International Ice Hockey Federation

Slovenia back up

Slovenia back up

Staying up is a realistic goal

Published 03.05.2017 14:34 GMT+2 | Author Andrew Podnieks
Slovenia back up
David Rodman has been with the Slovenian national team since 2005. Photo: Matthew Manor / HHOF-IIHF Images
One of those teams that seem always to be too good for Division I but not quite up to the top division, Slovenia is back playing with the big boys in Paris.

Between 2001 and 2016 the Slovenes have stayed up two years in a row only twice (2002-2003 and 2005-2006), so it’s clear their goal is to achieve as much this year after playing in Division I-A last year.


Luka Gracnar is likely the top goalie for Slovenia. He played at the 2013 and 2015 World Championships in the top pool as well as the Sochi Olympics. The 23-year-old has played most of his career in Austria and gives the team hope for world-class goaltending. Behind him will be Gasper Kroseli and the 27-year-old Matija Pintaric, who has yet to play for the national team at any level.


There has not been a lot of turnover on defence over the last several years, so the blue line is replete with experienced players. Ales Kranjc, at 35, is the veteran, now in his seventh World Championship since 2003. Right behind him is 34-year-old Mitja Robar, after which there is a cluster of players who all began at the 2011 Worlds: Klemen Pretnar, Sabahudin Kovacevic, Andrej Tavzelj, and Blaz Gregorc among them. Jurij Repe is making his debut with the national team, but overall this is a solid group that makes up in determination what it lacks in pure skill.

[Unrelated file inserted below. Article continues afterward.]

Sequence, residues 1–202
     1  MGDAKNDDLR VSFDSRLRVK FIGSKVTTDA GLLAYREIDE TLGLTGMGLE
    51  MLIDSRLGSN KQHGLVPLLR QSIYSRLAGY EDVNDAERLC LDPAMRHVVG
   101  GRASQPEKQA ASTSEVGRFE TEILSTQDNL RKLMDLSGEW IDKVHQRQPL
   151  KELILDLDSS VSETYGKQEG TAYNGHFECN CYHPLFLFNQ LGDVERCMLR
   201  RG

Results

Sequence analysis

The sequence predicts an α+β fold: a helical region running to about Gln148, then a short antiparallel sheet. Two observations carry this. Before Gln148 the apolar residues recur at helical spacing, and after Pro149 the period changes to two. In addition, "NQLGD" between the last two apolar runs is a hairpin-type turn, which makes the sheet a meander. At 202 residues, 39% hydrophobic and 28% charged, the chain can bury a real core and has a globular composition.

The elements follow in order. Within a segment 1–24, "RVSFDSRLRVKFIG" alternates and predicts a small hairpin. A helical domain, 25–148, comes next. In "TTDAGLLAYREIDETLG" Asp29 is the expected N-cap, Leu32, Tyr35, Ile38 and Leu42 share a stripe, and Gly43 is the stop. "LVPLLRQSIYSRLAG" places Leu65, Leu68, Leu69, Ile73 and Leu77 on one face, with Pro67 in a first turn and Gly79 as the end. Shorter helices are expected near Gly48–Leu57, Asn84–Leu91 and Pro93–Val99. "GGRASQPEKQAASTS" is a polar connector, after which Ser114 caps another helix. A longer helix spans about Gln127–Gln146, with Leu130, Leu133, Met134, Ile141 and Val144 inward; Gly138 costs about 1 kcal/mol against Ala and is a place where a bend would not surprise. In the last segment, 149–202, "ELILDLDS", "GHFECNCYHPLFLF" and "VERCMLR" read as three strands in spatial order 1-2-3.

In the last 25 top-level games at the World Championships, Slovenia has managed only 42 goals. That has to change, or relegation is a distinct possibility again. The 33-year-old David Rodman is the veteran forward in Paris, having been with the team since 2005. Ales Music is also a veteran of the team for a decade now, but as with the defence, many of the players got their first taste of World Championship play in 2011. The core players are all in their late twenties, meaning it’s now or never for many of them. Rok Ticar, Ziga Jeglic, Ziga Pance, and Robert Sabolic all fit into this category. From a future-looking perspective, one has to be happy to see several new faces. Anze Kuralt is making his debut in top-level IIHF competition, as is Nik Pem.


Nik Zupancic is back for a second year after coaching the team to top spot in Division I-A last year to earn promotion. He has been with the national team in various levels and capacities for seven years, but 2017 will be his biggest challenge. Somehow he has to coax wins out of his players against key rivals, notably Norway, France, and Belarus.

Projected Results

In all, some 18 of 22 skaters from the Olympic team in Sochi will be in Paris, that invaluable experience hopefully contributing to a superior showing this year. But such a high rate of return from three years ago points to the small talent pool from which to work. Slovenia will finish in the 13-16 range, hoping to avoid relegation.


Back to Overview